JPMorgan Chase & Co. gave Chief Executive Officer Jamie Dimon a 74 percent raise to $20 million last year, bringing his pay closer to where it stood before he was penalized for faulty oversight of botched derivatives bets.
The board’s compensation package for Dimon, 57, who also serves as chairman, included $18.5 million in restricted stock, the New York-based lender said today in a regulatory filing. His salary was unchanged at $1.5 million and he got no cash bonus, according to the filing.
Board members decided to keep Dimon’s pay below previous peak levels after criminal and regulatory probes cost JPMorgan more than $23 billion in settlements during 2013. The directors cut his 2012 package in half last January to $11.5 million, saying he bore “ultimate responsibility” for failures that led to derivatives trading losses in the London Whale episode.
In raising Dimon’s pay, the board of directors cited “sustained long-term performance; gains in market share and customer satisfaction; and the regulatory issues the company has faced and the steps the company has taken to resolve those issues,” according to the filing.
The restricted stock vests 50 percent after two years and 50 percent after three years, the bank said. Awarding Dimon’s total bonus in shares ties his pay “to the company’s future performance, including continued progress on the company’s regulatory agenda,” the firm said.
The board’s compensation committee is led by Lee Raymond, 75, Exxon Mobil Corp.’s former chairman and CEO. JPMorgan’s stock climbed 33 percent last year, matching the 81-company Standard & Poor’s 500 Financials Index.
“Obviously they paid more attention to the operational performance and stock-price performance and less to the litigation issues,” said Joseph Sorrentino, a managing director at Steven Hall & Partners, a New York-based compensation consulting firm. “Maybe there’s an argument that settling those items at those levels and removing the uncertainty there, maybe that’s worth something as well, but hard to know.”
Chief Financial Officer Marianne Lake, 44, received 80,346 shares, worth $4.65 million at the price of $57.875, the level at which Dimon’s shares were valued. Chief Operating Officer Matt Zames, 43, received stock valued at $9.75 million, as did Mike Cavanagh, 48, co-head of the firm’s corporate and investment bank.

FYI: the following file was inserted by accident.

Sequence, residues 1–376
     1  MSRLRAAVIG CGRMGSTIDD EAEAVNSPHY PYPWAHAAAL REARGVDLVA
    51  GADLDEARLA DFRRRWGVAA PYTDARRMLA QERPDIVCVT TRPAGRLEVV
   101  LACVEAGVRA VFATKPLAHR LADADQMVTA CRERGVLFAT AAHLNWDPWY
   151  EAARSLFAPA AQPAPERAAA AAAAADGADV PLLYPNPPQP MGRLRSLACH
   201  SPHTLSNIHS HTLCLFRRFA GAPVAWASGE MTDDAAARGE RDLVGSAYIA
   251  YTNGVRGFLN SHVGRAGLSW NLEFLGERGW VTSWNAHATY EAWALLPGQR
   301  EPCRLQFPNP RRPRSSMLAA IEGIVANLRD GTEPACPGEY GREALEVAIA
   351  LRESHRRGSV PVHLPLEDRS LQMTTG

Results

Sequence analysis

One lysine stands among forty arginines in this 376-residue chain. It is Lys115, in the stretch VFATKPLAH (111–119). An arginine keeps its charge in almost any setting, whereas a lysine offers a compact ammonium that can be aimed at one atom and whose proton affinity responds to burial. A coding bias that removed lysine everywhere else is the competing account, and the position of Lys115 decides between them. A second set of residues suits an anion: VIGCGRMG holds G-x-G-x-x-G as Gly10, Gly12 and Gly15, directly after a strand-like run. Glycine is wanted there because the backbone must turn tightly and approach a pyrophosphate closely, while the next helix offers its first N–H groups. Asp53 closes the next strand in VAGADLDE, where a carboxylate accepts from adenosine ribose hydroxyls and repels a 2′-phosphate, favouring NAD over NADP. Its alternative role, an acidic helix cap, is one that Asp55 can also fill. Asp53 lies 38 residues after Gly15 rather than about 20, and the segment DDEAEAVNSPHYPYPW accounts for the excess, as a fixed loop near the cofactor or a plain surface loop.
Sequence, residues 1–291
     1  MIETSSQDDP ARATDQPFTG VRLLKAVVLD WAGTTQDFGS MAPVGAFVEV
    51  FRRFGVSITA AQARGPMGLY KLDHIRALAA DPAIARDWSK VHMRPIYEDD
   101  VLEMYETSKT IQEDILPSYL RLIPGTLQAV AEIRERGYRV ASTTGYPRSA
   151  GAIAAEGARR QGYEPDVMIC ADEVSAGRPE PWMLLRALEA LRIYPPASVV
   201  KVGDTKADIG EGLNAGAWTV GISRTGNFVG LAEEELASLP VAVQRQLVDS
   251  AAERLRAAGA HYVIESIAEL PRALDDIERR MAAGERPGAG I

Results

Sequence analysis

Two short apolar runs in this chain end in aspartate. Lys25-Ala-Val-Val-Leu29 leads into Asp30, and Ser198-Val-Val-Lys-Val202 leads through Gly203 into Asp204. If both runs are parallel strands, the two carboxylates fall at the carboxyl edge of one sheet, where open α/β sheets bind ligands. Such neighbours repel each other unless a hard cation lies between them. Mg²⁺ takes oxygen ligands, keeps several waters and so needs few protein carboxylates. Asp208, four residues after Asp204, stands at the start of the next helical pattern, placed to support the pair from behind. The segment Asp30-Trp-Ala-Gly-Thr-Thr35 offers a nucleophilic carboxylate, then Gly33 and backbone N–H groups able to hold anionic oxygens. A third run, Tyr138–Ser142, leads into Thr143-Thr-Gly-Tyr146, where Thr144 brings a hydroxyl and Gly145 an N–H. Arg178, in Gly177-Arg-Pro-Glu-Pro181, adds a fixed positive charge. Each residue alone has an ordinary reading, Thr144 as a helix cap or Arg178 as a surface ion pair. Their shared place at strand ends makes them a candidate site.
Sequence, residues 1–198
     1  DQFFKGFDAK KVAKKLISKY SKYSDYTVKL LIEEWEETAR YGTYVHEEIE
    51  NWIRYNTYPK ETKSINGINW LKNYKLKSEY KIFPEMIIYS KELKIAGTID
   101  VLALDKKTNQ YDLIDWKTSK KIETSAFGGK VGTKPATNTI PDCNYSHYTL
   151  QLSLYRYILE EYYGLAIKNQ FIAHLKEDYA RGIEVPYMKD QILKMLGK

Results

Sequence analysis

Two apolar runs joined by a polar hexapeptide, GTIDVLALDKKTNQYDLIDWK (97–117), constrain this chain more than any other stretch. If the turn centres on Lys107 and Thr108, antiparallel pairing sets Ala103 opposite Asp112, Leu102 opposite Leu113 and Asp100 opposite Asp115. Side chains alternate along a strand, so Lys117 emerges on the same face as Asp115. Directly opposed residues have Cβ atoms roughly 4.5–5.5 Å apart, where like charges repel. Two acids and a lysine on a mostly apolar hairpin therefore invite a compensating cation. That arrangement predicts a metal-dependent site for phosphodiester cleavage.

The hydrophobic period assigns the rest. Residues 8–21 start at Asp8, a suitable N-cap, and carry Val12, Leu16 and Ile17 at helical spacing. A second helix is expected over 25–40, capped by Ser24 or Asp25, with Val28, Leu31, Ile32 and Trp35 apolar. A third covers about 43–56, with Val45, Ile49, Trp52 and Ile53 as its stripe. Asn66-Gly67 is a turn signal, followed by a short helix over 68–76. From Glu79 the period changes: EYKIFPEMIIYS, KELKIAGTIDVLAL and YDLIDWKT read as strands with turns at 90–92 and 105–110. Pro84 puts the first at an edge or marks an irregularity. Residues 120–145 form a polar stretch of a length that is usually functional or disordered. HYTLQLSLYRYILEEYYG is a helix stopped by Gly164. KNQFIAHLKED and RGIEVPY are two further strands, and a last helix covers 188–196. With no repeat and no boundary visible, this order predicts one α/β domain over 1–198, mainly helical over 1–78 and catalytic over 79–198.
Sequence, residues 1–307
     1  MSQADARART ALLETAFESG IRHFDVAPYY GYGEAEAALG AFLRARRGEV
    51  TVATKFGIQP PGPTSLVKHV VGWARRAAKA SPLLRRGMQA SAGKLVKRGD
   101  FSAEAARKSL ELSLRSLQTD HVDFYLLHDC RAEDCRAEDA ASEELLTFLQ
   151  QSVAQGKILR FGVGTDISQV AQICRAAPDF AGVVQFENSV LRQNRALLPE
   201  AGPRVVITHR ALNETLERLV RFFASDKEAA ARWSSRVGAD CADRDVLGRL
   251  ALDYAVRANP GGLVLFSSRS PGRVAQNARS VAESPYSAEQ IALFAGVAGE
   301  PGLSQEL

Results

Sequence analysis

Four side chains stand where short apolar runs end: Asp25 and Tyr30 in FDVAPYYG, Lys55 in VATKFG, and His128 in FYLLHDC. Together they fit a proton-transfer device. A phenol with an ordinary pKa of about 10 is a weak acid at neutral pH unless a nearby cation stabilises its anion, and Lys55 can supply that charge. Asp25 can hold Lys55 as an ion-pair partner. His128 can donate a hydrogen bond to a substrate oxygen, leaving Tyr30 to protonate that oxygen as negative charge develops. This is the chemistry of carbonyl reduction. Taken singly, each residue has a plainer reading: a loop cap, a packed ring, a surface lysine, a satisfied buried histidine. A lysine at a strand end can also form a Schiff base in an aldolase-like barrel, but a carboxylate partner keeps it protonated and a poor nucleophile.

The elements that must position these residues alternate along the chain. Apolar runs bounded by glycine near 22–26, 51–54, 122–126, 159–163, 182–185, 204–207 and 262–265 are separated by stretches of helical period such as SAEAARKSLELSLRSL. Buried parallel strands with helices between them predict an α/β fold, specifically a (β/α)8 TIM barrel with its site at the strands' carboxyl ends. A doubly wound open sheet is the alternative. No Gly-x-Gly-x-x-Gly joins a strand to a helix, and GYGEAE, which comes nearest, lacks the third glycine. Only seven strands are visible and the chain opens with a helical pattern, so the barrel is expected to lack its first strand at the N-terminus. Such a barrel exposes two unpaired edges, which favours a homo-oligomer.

Daniel Pinto, 51, the other co-head, received the same total pay as Cavanagh, and it was structured differently because of compensation rules in the U.K. where Pinto is based, according to a person briefed on the awards.
Any cash awards for named executives will be disclosed in the firm’s proxy statement later this year.
Dimon became CEO at the end of 2005 and added the title of chairman a year later. His reputation as a top manager, along with his pay, has fluctuated since then. While JPMorgan emerged from the financial crisis as the only large U.S. bank to avoid quarterly losses, the trading debacle in 2012 prompted some investors to call for splitting his dual roles. Shareholders rejected that proposal at a meeting in May.
Dimon was paid $49.9 million for 2007, including special stock awards. During the financial crisis a year later, he took only a $1 million salary. He got $15.2 million for 2009, and $23 million for each of the two years that followed.
In last year’s third quarter, the bank posted its first loss on Dimon’s watch after taking a $7.2 billion charge to cover the cost of mounting litigation and regulatory probes. The deficit ended the firm’s streak of three record annual profits. Full-year net income fell 16 percent to $17.9 billion.
Dimon pushed last year to resolve government investigations, including at least eight Justice Department probes listed in the firm’s quarterly report in October.
Settlements since then have included a record $13 billion deal to resolve inquiries into mortgage-bond sales. The bank paid $2.6 billion and avoided criminal prosecution while settling claims it failed to stop Bernard Madoff’s Ponzi scheme. The firm also paid more than $1 billion last year tied to the botched derivatives bets, which lost more than $6.2 billion in 2012. In that case, U.S. and U.K. regulators faulted its oversight of a trader known as the London Whale because his positions were so large.
Dimon told journalists earlier this month that he couldn’t predict whether he might be able to put the legal disputes behind the bank this year.